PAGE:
DJI Battery Revival

How to safely deal with an over-discharged lipo

Posted to tidbits on June 25, 2017

A few months ago, I received an older DJI Phantom drone. It had been bought in 2014 and seen very little use since then. As consequence, over the years one of the batteries had slowly discharged to the point where the battery control circuitry didn’t have enough voltage to ‘turn on’ the battery.

Lithium polymer batteries have incredible power density and discharge rates, but it does come at the expense of them being slightly less robost than other battery chemistries. If overcharged or overdischarged, the lithium electrolyte will begin to decompose, releasing lithium and oxygen. The lithium is relatively harmless and will form lithium oxide on either the cathode or anode. The oxygen is a bigger problem because it causes pressure to build inside the cell, resulting in swelling and potentially a fire if it bursts. To prevent this, modern chargers monitor each cell voltage and ensure that no cell goes above its peak voltage. (4.20V for lipo) To protect the cells from over discharging, most electronics will have a cut-off voltage programmed into them, as well as cut off circuitry inside the battery pack. DJI battery packs go a step further, because they have an integrated BMS (battery management system) built into them. This takes care of the individual cell balancing, over charge and over discharge protection, as well as providing battery data such as current, voltage, charge cycles to the phantom’s mainboard over the i2c communication protocol.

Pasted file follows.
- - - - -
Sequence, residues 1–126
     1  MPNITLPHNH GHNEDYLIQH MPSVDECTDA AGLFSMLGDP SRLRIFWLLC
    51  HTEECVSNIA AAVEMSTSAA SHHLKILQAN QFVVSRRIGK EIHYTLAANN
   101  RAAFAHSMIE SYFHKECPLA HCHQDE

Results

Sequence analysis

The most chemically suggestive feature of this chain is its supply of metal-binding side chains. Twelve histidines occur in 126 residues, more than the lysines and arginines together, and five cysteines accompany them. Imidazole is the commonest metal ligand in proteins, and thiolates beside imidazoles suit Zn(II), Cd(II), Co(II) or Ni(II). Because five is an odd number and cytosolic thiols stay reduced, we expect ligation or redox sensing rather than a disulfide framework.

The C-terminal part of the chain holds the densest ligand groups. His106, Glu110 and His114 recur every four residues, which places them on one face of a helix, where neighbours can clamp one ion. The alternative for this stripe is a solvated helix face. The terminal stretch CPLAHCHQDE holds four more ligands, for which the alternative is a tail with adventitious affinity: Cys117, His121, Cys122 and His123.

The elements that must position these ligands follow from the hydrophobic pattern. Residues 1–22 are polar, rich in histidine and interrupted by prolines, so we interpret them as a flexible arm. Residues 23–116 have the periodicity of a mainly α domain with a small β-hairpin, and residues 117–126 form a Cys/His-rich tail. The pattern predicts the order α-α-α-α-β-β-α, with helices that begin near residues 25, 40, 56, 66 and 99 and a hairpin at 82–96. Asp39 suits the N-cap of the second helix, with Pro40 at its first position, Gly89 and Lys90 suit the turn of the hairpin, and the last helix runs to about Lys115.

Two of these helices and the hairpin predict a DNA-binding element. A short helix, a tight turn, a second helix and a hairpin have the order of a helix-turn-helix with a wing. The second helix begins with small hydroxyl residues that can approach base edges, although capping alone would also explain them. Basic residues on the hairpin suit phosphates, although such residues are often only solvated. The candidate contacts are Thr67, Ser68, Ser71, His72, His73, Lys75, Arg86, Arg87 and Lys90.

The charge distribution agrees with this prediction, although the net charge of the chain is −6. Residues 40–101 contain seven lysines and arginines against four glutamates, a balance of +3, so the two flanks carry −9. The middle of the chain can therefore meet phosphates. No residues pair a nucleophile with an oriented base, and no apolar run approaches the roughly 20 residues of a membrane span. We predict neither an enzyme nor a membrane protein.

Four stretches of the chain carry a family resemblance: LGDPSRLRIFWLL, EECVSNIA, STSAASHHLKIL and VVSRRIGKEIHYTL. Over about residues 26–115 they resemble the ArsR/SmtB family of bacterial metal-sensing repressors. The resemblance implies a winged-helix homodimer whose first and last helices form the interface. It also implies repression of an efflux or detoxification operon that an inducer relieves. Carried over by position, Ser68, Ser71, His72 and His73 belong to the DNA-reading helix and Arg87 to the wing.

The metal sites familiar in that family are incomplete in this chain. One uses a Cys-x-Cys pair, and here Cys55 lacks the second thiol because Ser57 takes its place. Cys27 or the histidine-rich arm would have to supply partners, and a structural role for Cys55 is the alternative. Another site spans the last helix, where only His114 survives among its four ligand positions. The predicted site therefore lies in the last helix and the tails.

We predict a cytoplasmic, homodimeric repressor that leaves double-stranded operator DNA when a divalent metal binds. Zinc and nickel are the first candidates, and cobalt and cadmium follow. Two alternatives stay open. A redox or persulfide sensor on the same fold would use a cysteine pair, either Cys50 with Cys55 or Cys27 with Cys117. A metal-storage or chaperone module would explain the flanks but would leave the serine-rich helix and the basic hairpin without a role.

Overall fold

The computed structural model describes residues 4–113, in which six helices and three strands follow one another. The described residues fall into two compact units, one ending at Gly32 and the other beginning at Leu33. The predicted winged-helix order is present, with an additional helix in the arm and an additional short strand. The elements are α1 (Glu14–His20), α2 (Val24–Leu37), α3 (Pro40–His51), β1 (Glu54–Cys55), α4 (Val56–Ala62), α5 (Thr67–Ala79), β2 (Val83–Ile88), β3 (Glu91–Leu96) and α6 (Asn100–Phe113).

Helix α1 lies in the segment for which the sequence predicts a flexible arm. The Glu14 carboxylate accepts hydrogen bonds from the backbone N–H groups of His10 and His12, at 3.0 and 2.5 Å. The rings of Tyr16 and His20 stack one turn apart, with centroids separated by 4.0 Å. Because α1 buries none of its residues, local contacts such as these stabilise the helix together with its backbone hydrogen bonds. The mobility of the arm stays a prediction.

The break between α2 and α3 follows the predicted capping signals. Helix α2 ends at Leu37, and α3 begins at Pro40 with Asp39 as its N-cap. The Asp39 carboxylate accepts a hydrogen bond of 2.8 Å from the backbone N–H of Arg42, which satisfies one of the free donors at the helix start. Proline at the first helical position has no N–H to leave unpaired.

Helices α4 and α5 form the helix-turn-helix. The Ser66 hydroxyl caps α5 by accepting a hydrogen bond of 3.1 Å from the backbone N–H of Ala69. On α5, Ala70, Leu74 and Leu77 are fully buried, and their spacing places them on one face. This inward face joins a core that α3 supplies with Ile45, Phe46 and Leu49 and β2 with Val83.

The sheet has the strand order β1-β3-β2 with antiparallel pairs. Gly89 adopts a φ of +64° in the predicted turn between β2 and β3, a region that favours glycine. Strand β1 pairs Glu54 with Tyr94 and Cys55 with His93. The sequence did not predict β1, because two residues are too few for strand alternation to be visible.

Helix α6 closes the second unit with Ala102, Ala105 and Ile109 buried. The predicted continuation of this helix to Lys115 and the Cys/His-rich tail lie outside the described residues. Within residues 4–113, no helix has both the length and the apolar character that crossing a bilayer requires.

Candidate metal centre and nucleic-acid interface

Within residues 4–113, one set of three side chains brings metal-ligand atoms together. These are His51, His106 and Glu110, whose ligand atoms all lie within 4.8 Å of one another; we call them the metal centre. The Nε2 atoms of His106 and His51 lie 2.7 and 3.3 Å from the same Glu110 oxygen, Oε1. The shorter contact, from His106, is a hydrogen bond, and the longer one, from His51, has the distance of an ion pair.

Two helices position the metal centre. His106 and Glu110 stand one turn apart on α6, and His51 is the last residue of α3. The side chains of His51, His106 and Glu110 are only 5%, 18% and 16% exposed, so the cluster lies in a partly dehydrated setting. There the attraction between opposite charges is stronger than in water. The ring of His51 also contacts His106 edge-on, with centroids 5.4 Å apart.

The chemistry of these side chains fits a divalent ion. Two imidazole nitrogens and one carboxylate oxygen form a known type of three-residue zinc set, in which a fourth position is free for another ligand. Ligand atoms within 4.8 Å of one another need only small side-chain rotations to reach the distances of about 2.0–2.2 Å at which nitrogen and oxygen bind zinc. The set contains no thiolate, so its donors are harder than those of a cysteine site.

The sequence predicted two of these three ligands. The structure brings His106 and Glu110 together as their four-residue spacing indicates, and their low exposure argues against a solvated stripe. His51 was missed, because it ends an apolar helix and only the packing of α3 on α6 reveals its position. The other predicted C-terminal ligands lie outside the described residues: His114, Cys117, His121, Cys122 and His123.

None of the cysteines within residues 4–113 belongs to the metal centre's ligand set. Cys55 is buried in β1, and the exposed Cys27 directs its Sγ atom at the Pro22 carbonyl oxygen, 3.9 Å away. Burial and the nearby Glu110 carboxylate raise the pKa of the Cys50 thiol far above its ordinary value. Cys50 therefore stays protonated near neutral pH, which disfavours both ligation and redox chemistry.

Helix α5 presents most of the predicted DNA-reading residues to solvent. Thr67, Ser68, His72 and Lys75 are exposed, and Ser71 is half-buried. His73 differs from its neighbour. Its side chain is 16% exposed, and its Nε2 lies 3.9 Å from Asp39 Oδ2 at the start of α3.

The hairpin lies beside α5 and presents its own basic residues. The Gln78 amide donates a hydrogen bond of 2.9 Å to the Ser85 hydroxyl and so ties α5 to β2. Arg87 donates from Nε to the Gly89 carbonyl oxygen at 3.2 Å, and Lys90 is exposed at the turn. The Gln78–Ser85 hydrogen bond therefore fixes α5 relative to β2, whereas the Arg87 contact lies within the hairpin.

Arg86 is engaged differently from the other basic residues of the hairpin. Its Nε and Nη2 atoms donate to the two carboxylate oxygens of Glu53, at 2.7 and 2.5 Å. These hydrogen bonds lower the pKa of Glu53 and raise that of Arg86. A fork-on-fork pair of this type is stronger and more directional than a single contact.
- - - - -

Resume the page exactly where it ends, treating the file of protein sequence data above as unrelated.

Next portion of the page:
Normally, to charge the battery, you plug in the power supply and the battery’s BMS begins balancing the cells and figuring out how much current to supply. In this case, the voltage was below the minimum safe discharge voltage, so the BMS refuses to charge the cells. The solution is to bypass the BMS and bring the pack back above the minimum voltage, at which point the BMS will recognize the pack and charge it normally.

First I took the endcap off, followed by the plastic skeleton which is held together by a series of clips. The plastic is pretty brittle so you just have to take your time and pry as little as possible. With the shell removed, the BMS can be lifted away from the battery. This reveals the battery’s positive and negative leads. Now it’s just a matter of connecting to those leads and applying some voltage. The current will be equal to the voltage difference divided by the battery’s internal resistance. Once voltage is applied, the battery’s voltage will increase rapidly. The nature of lithium cells is that they can hold a relatively constant voltage for 7/8 of their capacity, and then the voltage drops extremely quickly in that last 1/8.

Look at how the voltage drops once it reaches 3.3V

For this reason, I recommend using a variable voltage source or fitting some extra resistors to limit the current. I used a bench power supply with a current limiting function. This allowed me to set the maximum voltage and current, and the applied voltage was continuously varied to always charge at the specified current. Once the battery reached 9V (3v per cell) I unhooked the bench supply and started charging through the normal method. The benefit of doing this is that the BMS will balance the cells and ensure the battery isn’t over charged.

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